ubuntu virtualization options when no HW virt support?

Liam Proven lproven at gmail.com
Sun Jun 27 12:12:23 UTC 2010


On 27 June 2010 12:51, Robert P. J. Day <rpjday at crashcourse.ca> wrote:
> On Sun, 27 Jun 2010, Liam Proven wrote:
>
> ... snip ...
>
>> Bear in mind we are replying to a thread started by an OP who does
>> not know the difference between QEMU and KVM.
>
>  since i was the OP, i'd like to defend myself to the extent that
> it's not that i don't know the difference between QEMU and KVM, i was
> just trying to clarify the current ubuntu packaging scheme such that
> there is no simple QEMU package anymore -- it's now qemu-kvm,
> suggesting that ubuntu now sees the two as inseparable(?).
>
>  and i also wanted to clarify what one could do in terms of
> virtualization with, say, stock QEMU, and no HW virt support, that
> kind of thing.  it's slowly starting to make sense.

Sorry. No offence meant.

QEMU is not a virtualisation program. It is an emulator; it emulates
ARM and many other platforms on various platforms. Software running
under QEMU is running on a simulated processor and will be much slower
than on native hardware. However, QEMU's emulation of x86 is pretty
quick on x86 as there is a good match between emulated and native
instruction sets, obviously!

There used to be a proprietary kernel module called KQEMU which used
VMware-style trapping of unsafe instructions, combined with native
execution of "safe" code, for near-native performance. In the end I
think this was open-sourced but it's probably still out there
somewhere.

But QEMU has all the code for setting up a VM, managing its resources and so on.

KVM just uses hardware virtualisation to run VMs on x86-64 CPUs with
Intel VT or AMD-V. This is relatively easy, but the programmers needed
a whole set of code to create & manage VMs. They took this code from
QEMU since it was right there & FOSS.

KVM thus needs part of QEMU to work, but it is not related to QEMU.
KVM will only work on CPUs with VT/AMD-V.

Xen works on any x86 but in software alone does not deliver full
virtualisation so OSs need to be modified so as not to use unsafe code
in order to run under it. Such OSs are rare and mainly only FOSS OSs.

However, later, when h/w virt'n appeared, Xen was modified to use
this. With h/w virt'n available, Xen can run any OS in a VM, even
closed-source ones such as Windows.

VMware does pure software virt'n, meaning it can run on any x86. It
scans the code stream for "unsafe" instructions; safe code is run
natively, unsafe code through a s/w interpreter, like QEMU. This was
the product that showed that x86 could be virtualised in defiance of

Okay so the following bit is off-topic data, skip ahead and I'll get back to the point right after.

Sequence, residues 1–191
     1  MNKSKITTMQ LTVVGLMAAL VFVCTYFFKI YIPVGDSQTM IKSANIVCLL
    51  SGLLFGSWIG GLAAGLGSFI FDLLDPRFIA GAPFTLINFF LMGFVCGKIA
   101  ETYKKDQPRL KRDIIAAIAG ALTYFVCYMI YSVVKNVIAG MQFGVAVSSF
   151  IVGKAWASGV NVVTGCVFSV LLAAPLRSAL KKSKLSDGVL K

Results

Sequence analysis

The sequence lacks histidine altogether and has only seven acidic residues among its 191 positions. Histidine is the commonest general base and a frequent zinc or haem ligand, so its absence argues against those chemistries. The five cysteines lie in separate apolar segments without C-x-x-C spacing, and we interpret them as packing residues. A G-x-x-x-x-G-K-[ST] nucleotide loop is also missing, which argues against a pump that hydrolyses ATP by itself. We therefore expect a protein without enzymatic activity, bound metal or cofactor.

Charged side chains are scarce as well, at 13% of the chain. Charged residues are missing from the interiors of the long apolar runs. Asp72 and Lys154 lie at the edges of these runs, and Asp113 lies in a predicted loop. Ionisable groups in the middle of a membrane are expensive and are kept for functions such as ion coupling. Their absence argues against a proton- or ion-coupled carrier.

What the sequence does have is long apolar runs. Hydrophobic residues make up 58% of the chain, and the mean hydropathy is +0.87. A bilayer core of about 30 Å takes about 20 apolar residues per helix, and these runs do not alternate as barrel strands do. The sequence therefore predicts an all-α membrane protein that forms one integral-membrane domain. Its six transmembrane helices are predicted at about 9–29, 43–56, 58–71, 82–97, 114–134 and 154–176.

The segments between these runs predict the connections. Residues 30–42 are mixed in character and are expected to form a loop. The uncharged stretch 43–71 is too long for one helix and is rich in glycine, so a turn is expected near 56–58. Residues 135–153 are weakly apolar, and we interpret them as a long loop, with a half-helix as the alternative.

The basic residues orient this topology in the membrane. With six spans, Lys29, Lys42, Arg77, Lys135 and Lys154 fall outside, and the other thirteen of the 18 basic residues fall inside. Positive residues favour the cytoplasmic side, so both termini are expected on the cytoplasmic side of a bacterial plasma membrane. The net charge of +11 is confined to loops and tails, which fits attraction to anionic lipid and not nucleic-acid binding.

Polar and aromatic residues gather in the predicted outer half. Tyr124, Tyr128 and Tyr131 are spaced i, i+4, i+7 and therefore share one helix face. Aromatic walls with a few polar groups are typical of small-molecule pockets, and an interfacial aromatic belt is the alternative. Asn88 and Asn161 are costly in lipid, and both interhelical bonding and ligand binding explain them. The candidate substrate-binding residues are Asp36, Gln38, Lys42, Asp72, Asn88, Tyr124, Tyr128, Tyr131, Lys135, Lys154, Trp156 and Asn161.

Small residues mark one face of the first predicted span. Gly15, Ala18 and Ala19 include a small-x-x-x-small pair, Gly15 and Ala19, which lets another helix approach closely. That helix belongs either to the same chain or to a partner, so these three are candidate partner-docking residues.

Popek & Goldberg's rules (q.v.)

 It does not use h/w virt'n at all, AFAIK. VMware is closed-source
commercial s/w but there are 2 free versions: VMware Player, for
running VMs from other editions, and VMware Server, which runs on top
of other OSs but is aimed at providing virtual servers. There is also
VMware ESX, ESXi - "bare metal" servers, the latter embeddable into
firmware - and VMware Fusion for the Mac and VMware Workstation for
Windows & Linux.

VirtualBox also uses software virt'n, a different version that coerces
ring 0 code (q.v.) to run in the generally-unused ring 1. User code
runs in ring 2 on x86, I think (q.v.). This does not work on all OSs -
it doesn't work with OS/2, for instance. However, VirtualBox *can* use
h/w virt'n if it finds it. If it can do so it can run OS/2.

VirtualBox was written by a German company called Innovision. Sun
bought it and made it freeware for personal use. There is also a more
limited FOSS version.

Oracle has now bought Sun. So far V'box remains free.

There is also Parallels, a Russian company, but it focuses on Windows
and Mac and does not support Linux hosts, AFAIK.

[Deep breath]

There. Happy now? I didn't really want to write so much but it's a
complicated market.

Summary: if you want to run arbitrary PC OSs under desktop Linux, your
choices are:
 - FOSS VirtualBox (free, in Ubuntu repos, limited)
 - full Virtualbox (freeware, Ubuntu packages available on website)
 - VMware Player (freeware, Ubuntu packages available on website, limited)

Or pay for VMware Workstation.

If you want to virtualise servers, or on a server, and thus don't
really care too much about friendly GUIs, your options are:
 - Xen (FOSS - needs h/w virt'n to run arbitrary OS)
 - KVM (FOSS - needs h/w virt'n to run at all)
 - VMware Server (closed source freeware, needs no h/w virt'n)


-- 
Liam Proven • Profile: http://www.linkedin.com/in/liamproven
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